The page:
Claire Noyelle explores the reasons behind the recent increase in Emotionally Based School Avoidance and what can be done to support children and young people back into education.
If you are a parent of a school-aged child, you can almost certainly recall a day when it was a struggle to get them to school; Maybe they didn’t want to do hockey in the rain, or they had a tummy ache. Perhaps it was a ‘bad hair day’ or they had had a row with a friend. Maybe their hamster had died, or they were worrying about a test that day. Perhaps they hadn’t done their homework or were bothered by another student on the bus.
They all seem pretty innocuous reasons not to go to school; you may even have had similar situations that you can remember from your experience in school. For many school-aged children, avoiding school has been a way of life for months.
The Impact of Covid
The covid pandemic meant that a series of lockdowns impacted schools, with the vast majority of pupils and students staying home and working online. When the lockdowns were lifted, the expectation was that life would return to how it had been before – adults would return to work, children would go back to school, and life would be back to normal…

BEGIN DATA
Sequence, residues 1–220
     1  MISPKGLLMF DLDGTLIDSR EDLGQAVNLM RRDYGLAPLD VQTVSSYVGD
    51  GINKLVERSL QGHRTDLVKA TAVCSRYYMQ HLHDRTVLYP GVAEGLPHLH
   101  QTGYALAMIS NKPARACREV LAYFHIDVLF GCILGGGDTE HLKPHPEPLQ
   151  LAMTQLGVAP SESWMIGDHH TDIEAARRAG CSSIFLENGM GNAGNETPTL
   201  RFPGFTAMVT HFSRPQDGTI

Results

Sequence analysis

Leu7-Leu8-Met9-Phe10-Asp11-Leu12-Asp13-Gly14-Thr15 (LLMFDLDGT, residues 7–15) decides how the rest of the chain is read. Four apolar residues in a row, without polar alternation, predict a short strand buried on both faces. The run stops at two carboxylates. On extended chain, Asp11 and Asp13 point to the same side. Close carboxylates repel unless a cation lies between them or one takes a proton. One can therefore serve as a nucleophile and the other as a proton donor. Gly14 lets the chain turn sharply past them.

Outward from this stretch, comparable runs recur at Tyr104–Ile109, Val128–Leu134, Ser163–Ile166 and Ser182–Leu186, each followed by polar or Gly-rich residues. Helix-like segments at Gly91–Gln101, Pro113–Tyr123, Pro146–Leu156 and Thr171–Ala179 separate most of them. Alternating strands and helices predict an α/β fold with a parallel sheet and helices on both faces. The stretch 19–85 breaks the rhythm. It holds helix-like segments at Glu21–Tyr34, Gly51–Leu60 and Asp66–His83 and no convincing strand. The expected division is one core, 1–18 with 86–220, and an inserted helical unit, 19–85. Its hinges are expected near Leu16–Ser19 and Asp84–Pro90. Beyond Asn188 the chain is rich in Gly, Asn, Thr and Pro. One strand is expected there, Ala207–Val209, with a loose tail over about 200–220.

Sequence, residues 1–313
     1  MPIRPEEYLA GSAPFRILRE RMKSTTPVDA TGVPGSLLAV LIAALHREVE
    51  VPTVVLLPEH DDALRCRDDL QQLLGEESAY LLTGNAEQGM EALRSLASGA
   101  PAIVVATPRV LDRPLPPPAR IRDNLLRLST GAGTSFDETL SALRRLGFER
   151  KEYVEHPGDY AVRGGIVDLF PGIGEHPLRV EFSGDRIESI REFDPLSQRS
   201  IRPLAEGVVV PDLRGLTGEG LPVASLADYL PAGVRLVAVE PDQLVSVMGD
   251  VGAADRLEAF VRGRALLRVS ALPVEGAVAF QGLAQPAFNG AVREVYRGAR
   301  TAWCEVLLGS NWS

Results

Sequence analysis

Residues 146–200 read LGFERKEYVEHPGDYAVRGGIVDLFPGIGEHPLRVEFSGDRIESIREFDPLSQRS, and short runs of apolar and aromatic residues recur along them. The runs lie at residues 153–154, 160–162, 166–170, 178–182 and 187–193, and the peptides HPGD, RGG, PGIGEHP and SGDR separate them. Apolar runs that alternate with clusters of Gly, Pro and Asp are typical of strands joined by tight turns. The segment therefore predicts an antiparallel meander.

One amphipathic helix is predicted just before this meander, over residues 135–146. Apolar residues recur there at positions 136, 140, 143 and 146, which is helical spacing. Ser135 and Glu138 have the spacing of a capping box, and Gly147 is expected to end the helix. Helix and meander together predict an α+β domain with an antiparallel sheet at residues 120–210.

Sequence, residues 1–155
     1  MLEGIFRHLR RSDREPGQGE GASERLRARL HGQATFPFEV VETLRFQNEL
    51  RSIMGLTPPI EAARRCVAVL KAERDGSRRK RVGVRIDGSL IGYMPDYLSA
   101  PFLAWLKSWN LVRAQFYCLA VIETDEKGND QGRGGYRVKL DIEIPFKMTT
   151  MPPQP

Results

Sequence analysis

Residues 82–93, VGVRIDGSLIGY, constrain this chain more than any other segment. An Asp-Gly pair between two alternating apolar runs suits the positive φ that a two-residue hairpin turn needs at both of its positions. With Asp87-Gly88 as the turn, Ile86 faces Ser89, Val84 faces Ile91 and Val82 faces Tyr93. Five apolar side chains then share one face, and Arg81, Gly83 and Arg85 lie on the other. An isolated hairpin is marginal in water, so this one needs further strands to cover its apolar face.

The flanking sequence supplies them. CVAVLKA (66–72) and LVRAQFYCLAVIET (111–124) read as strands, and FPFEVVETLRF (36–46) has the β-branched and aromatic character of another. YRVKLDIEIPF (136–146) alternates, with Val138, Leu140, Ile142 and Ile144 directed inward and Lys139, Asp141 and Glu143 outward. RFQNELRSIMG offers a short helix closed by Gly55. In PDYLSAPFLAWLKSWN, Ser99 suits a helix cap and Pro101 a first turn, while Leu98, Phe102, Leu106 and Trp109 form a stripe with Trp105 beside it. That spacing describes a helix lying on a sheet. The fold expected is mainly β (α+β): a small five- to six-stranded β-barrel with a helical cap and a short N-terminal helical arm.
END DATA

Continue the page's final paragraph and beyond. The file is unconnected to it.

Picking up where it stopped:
…But that wasn’t the case!
A growing number of people working in education, the media and children’s services are raising concerns about the rates of school absenteeism.
Before the pandemic, school absentee rates had been reasonably stable. There had always been a minority of children who struggled to attend school, but the figures were small, around 4% (a low of 4.1% in 2015/16, with a high of 4.8% in 2019/20).
The most recent figure, however, shows a jump to 7.8% of pupils absent from school.
This isn’t the only concern – the proportion of pupils missing 10% or more of school sessions (classed as ‘persistent absence’) and those classed as ‘severely absent’ (pupils missing 50% or more of school sessions) is still increasing.
The proportion of persistently absent pupils more than doubled from 10.5% before the pandemic in 2018/19, to 22.3% in 2021/22. The proportion of severely absent pupils increased similarly, from 0.8% in 2018/19 to 1.5% in 2021/22.
What accounts for this dramatic increase in school absence?
These statistics cannot be explained by illness, covid related absence (as was speculated), or an increase in parents taking their children out of school to take advantage of lower holiday prices during term time (as many had wondered). Those percentages have stayed much the same.